Test, track and trace is an integral – and very expensive – part of the government’s plans for lifting lockdown and getting the country back to normal. The government is trying to hire 25,000 contract-tracers to augment an app-based system which seems mysteriously to have all-but vanished from its plans. But could there be a cheaper way of gaining advanced warning of infection in an area, allowing localised lockdowns to be imposed?
A study led by Jordan Peccia at Yale University raises the possibility of an intriguing early warning system for Covid outbreaks. Between 19 March and 1 May, his team collected samples of sludge from the sewage system serving the 200,000 residents of the urban area of New Haven, Connecticut and analysed them for levels of RNA from Sars-CoV-2, the virus which causes Covid-19. During that period, levels varied enormously from between 1,700 to 460,000 copies of RNA. They then compared this with data of test results and hospital admissions for the area and found a remarkably close correlation. Whatever happened to RNA levels in sewage was followed very closely three days later in hospital admissions and seven days later in positive test results in the general population.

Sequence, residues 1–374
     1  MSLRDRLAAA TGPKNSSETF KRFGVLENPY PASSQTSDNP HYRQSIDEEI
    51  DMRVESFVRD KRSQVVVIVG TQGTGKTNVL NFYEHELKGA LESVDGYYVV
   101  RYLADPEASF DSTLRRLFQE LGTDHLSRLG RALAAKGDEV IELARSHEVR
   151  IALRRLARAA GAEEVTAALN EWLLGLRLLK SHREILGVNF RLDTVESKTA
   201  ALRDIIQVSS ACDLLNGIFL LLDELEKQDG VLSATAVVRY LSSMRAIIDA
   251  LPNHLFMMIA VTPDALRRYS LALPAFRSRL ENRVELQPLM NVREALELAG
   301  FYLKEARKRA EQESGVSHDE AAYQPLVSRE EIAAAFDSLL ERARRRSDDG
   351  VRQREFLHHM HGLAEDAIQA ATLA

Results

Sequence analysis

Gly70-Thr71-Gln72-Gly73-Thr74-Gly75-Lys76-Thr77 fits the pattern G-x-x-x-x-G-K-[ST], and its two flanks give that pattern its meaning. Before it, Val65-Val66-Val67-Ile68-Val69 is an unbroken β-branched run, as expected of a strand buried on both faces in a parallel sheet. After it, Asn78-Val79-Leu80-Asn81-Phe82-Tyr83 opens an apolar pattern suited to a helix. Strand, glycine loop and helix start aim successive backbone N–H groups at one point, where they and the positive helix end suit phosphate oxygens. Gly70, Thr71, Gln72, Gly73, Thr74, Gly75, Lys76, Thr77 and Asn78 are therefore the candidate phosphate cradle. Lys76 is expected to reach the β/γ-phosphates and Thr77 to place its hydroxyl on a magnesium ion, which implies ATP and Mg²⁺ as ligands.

As a ‘leading indicator’, this is potentially extremely useful. Routine sampling of all sewage data across Britain could potentially allow scientists to predict with great certainty where outbreaks are likely to occur. The only question is: is three days’ warning of a spike in hospital admissions really enough? And is metropolitan-wide surveillance sufficiently sensitive to be able to make useful policy? You wouldn’t want to lock down the entire West Midlands, for example, to deal with an outbreak in a few streets in West Bromwich. One of the questions raised by the Yale work is how locally the surveillance can be undertaken? The team looked for RNA in sludge, which only forms in sewage works. Ideally, we would be able to analyse sewage effluent on a much more localised basis.